“E'en then would be some stooping; and I choose Never to stoop. Oh sir, she smiled, no doubt, whene'er I passed her; but who passed without Much the same smile? This grew; I gave commands; Then all smiles stopped together” (Line 42-46) (Browning 714). This implies that Alfonso can't sand his wife's behavior, which leads him to kill her. He doesn't want to stoop for her, which means he doesn't want to give in to her to gain her attention in that way. Instead of being nice to her, he chooses to affect his power over her, a power he is afraid to lose. Yet even after he kills her, he keeps her picture, and covers it with the curtain. This is his way of putting her in her place, a prison of sorts, in which he chooses when and to whom she will ever smile again. Then he says to the servant of the Count of Tyrol “the curtain I have drawn for you” and he shows the picture to him. From Alfonso’s words, we can tell that he is satisfied with this action becau...
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... In My Last Duchess, Browning shows that thing has a form, which he literally has and everyone can see it, had a value and it will not change forever. Even Browning expresses that death still can bring back something he wants. In contrast, Tennyson mentions powers itself doesn’t attract or move him. A death won’t give anything to him. Therefore, to achieve what he wants means more to him. Browning doesn’t find any interest in the thing, which has a form and will not change forever. Change itself actually has value. From this, even though Browning and Tennyson lived in the same era, their norms are world apart.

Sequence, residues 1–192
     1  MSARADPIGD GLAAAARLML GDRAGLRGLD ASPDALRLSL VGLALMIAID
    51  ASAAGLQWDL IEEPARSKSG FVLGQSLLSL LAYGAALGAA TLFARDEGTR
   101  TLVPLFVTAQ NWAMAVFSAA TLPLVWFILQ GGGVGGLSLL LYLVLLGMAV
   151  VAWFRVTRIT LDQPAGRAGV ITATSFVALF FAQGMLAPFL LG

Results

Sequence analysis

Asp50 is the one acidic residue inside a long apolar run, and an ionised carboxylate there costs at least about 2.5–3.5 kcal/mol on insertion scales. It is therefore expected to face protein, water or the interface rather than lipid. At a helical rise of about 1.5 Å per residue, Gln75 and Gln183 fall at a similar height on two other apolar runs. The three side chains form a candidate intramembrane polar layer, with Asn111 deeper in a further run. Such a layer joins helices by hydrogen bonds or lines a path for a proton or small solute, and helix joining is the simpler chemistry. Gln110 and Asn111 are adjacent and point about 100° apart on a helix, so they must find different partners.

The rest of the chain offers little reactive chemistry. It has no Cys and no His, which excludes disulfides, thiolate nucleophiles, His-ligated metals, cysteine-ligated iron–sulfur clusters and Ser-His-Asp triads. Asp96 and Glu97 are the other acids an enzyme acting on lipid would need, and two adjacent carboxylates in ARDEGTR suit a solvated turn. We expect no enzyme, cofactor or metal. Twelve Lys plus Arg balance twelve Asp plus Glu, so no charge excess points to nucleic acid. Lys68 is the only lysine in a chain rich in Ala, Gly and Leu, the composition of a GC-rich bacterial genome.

Browning, Robert. "My Last Duchess." Literature Across Cultures. Ed. SheilaGillespie, et al 4th Ed. New York: Longman, 2005.
Tennyson, Alfred. "Ulysses". Victorian Literature, 1830-1900.Boston: McPeek, 2002. pp. 399-400. Print.
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